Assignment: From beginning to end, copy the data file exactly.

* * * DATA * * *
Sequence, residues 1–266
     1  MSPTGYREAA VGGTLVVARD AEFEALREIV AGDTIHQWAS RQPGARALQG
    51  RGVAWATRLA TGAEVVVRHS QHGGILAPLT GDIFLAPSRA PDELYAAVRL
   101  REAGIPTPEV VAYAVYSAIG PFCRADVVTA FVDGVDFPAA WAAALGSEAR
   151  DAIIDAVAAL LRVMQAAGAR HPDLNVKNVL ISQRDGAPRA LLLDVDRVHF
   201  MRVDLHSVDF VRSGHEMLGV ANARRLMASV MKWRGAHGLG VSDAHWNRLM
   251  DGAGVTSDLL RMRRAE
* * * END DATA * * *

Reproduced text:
Sequence, residues 1–266
     1  MSPTGYREAA VGGTLVVARD AEFEALREIV AGDTIHQWAS RQPGARALQG
    51  RGVAWATRLA TGAEVVVRHS QHGGILAPLT GDIFLAPSRA PDELYAAVRL
   101  REAGIPTPEV VAYAVYSAIG PFCRADVVTA FVDGVDFPAA WAAALGSEAR
   151  DAIIDAVAAL LRVMQAAGAR HPDLNVKNVL ISQRDGAPRA LLLDVDRVHF
   201  MRVDLHSVDF VRSGHEMLGV ANARRLMASV MKWRGAHGLG VSDAHWNRLM
   251  DGAGVTSDLL RMRRAE